Enemies in the Caucasus, Allies in Afghanistan

Most people paying attention to the gradual post-Bush thaw in U.S.-Russian relations and increase in bilateral cooperation likely see it as a logical development between two powers that can collaborate in mutually beneficial ways. And I agree.

However, observing this from the vantage point of the Caucasus, it’s hard not to note the flakes of absurdity that shake off of the policy.

Last month was a good one for U.S.-Russian relations. First, executives from Google and other tech companies arrived in Russia as a part of a delegation led by California Governor Arnold Schwarzenegger to examine Russian President Dmitri Medvedev’s efforts to spur the emergence of a “Russian Silicon Valley.” Schwarzenegger called Medvedev an “action president” and declared that the U.S. “wants to be friends with Russia.”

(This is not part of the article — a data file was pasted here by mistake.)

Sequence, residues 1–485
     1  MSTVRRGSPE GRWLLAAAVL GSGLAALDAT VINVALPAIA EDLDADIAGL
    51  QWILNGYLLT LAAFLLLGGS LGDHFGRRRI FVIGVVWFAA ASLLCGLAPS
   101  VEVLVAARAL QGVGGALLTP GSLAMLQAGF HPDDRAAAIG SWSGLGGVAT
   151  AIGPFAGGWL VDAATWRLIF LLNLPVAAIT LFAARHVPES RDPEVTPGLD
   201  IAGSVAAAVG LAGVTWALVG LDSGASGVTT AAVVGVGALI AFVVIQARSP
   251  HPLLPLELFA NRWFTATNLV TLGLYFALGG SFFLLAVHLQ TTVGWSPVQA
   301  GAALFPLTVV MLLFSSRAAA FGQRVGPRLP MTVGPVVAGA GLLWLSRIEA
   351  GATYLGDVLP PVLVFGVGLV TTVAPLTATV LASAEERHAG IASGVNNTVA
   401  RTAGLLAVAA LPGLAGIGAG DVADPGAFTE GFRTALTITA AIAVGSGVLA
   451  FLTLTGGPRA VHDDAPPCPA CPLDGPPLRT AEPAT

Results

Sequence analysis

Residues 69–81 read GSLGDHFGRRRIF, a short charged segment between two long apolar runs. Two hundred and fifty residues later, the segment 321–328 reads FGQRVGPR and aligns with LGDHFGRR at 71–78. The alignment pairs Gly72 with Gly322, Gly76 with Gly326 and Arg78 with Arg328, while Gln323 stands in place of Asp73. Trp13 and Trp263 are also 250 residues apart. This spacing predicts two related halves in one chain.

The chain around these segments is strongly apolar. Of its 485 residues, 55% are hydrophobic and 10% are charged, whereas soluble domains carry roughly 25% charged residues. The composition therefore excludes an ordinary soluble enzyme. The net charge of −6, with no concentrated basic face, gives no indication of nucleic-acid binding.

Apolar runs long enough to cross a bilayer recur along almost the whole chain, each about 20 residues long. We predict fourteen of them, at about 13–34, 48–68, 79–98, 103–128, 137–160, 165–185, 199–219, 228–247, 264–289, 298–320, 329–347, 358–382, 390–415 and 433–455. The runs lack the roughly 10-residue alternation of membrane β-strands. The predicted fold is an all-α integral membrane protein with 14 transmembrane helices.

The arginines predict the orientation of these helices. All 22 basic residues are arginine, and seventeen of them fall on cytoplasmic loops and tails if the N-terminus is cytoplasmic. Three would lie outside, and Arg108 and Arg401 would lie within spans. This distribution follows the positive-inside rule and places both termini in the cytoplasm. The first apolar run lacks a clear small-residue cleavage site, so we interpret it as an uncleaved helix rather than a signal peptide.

Medvedev for some reason thought it was good symbolism to drive the Governator to Russia's innovative new business school in a old Soviet luxury car. Photo by Mikhail Klimenyev/Agence France-Presse

Both sides were also remarkably civil both publicly and behind the curtains when the Kyrgyz went to vote in parliamentary elections Oct. 10, in what could have made for a nasty proxy battle over a poor country that hosts both Russian and American military bases.

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Why Moscow may be playing Iran smarter than Washington

The debate hasn’t changed much in the nine years since September 11:

The U.S. cannot allow nuclear weapons to fall into the hands of terrorists, and the prospect of Iran, a country that the U.S. hasn’t recognized diplomatically in three decades, becoming a nuclear power is totally unacceptable.

The options haven’t changed much either: